NEW YORK, May 7, 2012 /PRNewswire/ -- Starboard Value LP (together with its affiliates, "Starboard"), one of the largest shareholders of AOL Inc. ("AOL" or the "Company") (NYSE: AOL) with current ownership of approximately 5.3% of the outstanding shares, today announced that it has filed an investor presentation with the Securities and Exchange Commission ("SEC") and has delivered a letter to AOL shareholders. Starboard said the purpose of this letter and presentation is to share additional information about Starboard, its views regarding AOL's current strategy, and a high-level preview of the initiatives Starboard believes should be evaluated and implemented to improve AOL's operating performance.
Starboard is urging shareholders to vote the GOLD proxy card to elect its three highly qualified nominees, Dennis A. Miller, Jeffrey C. Smith, and James A. Warner, in place of incumbent directors Alberto Ibarguen, Patricia Mitchell, and James Stengel, at AOL's upcoming Annual Meeting scheduled to be held on June 14, 2012.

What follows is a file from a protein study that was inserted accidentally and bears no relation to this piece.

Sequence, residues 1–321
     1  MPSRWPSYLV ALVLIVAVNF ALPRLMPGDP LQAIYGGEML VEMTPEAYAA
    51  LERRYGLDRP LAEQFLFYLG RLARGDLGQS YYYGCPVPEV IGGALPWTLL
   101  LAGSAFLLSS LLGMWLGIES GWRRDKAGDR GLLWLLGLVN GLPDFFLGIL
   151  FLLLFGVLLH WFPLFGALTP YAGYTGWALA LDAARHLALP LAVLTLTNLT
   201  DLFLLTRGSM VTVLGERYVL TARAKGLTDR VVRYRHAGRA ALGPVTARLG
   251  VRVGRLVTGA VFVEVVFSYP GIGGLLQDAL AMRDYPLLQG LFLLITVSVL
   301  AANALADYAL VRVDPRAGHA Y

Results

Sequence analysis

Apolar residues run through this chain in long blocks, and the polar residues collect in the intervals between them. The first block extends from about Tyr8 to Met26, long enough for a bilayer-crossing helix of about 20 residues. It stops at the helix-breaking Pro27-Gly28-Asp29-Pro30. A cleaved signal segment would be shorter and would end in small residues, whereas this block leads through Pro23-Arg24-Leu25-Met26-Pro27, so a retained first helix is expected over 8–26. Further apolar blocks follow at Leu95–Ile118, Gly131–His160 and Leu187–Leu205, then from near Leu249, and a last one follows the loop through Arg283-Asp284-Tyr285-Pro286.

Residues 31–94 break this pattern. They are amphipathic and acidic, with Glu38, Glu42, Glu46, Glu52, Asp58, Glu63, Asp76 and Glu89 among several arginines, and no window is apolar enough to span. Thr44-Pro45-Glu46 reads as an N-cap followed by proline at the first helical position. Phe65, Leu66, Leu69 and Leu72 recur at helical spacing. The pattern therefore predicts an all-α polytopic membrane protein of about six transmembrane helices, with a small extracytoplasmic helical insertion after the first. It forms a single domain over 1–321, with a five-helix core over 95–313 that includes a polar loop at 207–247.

In the presentation, which is available for viewing on the SEC's website at http://tinyurl.com/starboardvaluepresentation, Starboard discusses that:
- Despite amassing a large content business with over 100 million unique visitors and $573 million in revenue, it believes AOL's Display business is losing more than $500 million per year(1).
- AOL's challenges in Display are a direct result of the Company's high cost strategy, which is based on substantial in-house editorial and sales personnel.
- Patch is a structurally flawed business model that Starboard believes loses $150 million per year(2).
- The business is high cost and is not scalable.
- Patch's value proposition for local advertisers is poor given the lack of an attractive measurable ROI and high effective CPMs.
- Even at Patch's target revenue model, Patch would still lose money.
- Based on Starboard's analysis of the key drivers of Search on AOL.com, the Display business should be analyzed independently from Search and AOL's other assets.
- AOL's owned content properties drive less than 2% of visits to AOL.com, and Patch drives only 0.02% of visits to AOL.com.
- Owning and producing content does not necessarily improve engagement versus outsourcing content.
- The Company must dramatically improve the profitability of its Display business and either sell, partner or shut down Patch.